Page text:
In an example embodiment, the vehicle includes an engine, a transmission, and an electrical system as noted above. The transmission includes an input member that is selectively connectable to a crankshaft of the engine. The electrical system includes an auxiliary starter motor connected to the crankshaft, a high-voltage electric machine connected to the crankshaft, and a controller. The controller includes a processor and tangible, non-transitory memory on which is recorded instructions for selecting one of the auxiliary starter motor and the high-voltage electric machine as a source for starting the engine during a requested autostart of the engine.

Execution of the instructions by the processor causes the controller to determine a set of powertrain conditions in response to a requested autostart of the engine, and to determine whether the requested autostart will not succeed, e.g., relative to a time or noise standard, using the set of powertrain conditions. The controller then transmits an autostart command to the high-voltage electric machine when the controller has determined that the requested autostart will succeed relative to the time or noise standard. The controller transmits the autostart command to the auxiliary starter motor in the alternative when the requested autostart will not succeed relative to the time or noise standard.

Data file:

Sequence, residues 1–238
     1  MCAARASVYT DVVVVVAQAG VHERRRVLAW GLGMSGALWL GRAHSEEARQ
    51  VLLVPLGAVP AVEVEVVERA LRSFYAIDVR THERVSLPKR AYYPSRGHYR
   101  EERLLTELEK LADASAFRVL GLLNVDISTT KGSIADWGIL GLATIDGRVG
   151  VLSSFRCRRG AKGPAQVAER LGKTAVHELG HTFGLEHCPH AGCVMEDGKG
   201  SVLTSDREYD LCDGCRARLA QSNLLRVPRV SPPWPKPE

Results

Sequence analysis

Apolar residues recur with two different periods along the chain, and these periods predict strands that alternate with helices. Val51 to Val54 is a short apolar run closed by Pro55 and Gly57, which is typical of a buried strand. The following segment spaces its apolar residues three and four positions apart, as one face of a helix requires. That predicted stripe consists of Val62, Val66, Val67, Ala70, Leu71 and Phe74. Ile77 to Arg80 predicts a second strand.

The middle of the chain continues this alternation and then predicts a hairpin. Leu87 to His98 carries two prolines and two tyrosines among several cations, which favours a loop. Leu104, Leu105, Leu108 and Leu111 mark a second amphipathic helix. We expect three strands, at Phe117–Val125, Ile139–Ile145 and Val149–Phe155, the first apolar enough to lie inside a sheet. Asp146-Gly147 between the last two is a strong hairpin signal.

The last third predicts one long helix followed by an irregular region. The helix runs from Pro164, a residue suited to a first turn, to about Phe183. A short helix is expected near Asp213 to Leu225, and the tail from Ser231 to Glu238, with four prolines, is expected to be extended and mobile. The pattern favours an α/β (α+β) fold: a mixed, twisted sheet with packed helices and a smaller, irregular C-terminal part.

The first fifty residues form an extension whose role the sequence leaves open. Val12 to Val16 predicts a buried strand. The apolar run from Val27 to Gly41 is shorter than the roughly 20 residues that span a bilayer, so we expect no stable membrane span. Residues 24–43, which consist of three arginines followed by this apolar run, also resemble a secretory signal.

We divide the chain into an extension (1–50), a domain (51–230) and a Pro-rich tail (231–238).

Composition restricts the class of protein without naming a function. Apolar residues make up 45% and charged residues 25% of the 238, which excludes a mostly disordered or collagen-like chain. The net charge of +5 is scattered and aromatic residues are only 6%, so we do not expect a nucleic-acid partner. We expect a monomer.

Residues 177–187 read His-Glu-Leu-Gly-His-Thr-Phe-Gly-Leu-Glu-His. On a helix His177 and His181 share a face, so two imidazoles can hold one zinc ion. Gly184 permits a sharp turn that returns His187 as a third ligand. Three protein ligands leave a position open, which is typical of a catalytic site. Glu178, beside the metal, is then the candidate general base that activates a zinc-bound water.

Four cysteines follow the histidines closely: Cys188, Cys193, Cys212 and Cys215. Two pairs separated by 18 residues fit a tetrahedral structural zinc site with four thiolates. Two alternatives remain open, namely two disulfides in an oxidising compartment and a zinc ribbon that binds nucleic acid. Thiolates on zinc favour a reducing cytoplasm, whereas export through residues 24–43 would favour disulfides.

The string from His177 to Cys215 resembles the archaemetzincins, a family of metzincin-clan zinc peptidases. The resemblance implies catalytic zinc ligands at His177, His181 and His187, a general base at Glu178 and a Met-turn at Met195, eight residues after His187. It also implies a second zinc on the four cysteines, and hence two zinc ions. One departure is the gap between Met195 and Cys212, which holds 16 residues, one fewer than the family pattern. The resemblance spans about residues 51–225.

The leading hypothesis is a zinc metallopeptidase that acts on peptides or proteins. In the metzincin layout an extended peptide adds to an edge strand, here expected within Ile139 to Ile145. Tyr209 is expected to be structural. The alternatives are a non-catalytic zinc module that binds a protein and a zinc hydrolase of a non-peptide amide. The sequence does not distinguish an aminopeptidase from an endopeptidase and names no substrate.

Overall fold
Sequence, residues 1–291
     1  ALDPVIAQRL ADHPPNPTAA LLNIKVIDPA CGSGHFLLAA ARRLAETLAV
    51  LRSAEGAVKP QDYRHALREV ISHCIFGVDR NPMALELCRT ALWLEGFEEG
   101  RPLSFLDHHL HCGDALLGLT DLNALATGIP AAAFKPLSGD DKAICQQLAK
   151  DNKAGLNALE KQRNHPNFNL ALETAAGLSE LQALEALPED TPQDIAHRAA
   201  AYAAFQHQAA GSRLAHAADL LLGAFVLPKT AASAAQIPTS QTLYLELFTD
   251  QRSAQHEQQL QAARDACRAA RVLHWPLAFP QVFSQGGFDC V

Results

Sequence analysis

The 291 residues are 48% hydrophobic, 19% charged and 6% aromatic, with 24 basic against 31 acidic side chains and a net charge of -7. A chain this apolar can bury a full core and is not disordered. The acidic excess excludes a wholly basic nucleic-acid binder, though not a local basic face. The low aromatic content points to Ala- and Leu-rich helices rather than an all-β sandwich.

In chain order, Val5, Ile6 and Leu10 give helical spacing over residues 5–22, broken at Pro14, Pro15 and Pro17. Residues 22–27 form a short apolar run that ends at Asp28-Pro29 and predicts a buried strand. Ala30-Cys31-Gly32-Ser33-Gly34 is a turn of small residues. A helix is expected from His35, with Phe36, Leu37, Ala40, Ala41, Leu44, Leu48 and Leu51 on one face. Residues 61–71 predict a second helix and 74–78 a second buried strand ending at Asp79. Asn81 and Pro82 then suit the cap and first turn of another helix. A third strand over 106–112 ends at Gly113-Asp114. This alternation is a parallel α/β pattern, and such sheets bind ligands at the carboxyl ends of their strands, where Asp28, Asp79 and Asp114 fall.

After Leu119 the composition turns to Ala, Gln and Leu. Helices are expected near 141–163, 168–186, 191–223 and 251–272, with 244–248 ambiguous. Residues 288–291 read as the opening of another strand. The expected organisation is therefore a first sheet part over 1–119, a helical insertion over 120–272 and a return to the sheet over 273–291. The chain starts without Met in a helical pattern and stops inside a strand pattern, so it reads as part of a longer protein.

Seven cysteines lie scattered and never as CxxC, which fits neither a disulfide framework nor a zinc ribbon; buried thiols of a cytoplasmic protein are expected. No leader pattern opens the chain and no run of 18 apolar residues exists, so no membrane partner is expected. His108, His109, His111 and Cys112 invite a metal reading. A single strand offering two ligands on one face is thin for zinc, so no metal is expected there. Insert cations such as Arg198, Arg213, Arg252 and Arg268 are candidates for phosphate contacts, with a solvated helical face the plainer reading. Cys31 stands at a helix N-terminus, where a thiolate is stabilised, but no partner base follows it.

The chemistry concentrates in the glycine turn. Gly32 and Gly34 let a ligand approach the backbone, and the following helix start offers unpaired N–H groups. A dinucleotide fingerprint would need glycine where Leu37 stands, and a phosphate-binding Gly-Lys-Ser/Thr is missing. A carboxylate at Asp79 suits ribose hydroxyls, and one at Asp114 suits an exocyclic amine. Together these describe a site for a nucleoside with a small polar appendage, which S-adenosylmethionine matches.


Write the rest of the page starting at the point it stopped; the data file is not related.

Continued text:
A controller for a vehicle is also disclosed, with the vehicle in this embodiment likewise having an engine, an auxiliary starter motor, and a high-voltage electric machine each operable to start the engine. The controller includes a processor and tangible, non-transitory memory on which is recorded instructions for selecting one of the auxiliary starter motor and the high-voltage electric machine as a source for starting the engine during a requested autostart of the engine. Execution of the instructions by the processor causes the controller to determine a set of powertrain conditions in response to a requested autostart of the engine, and determine whether the requested autostart will not succeed relative to a time or noise standard using the set of powertrain conditions. Execution of the instructions also causes the controller to transmit an autostart command to the high-voltage electric machine when the requested autostart will succeed relative to the time or noise standard, and to transmit the autostart command to the auxiliary starter motor when the requested autostart will not succeed relative to the time or noise standard.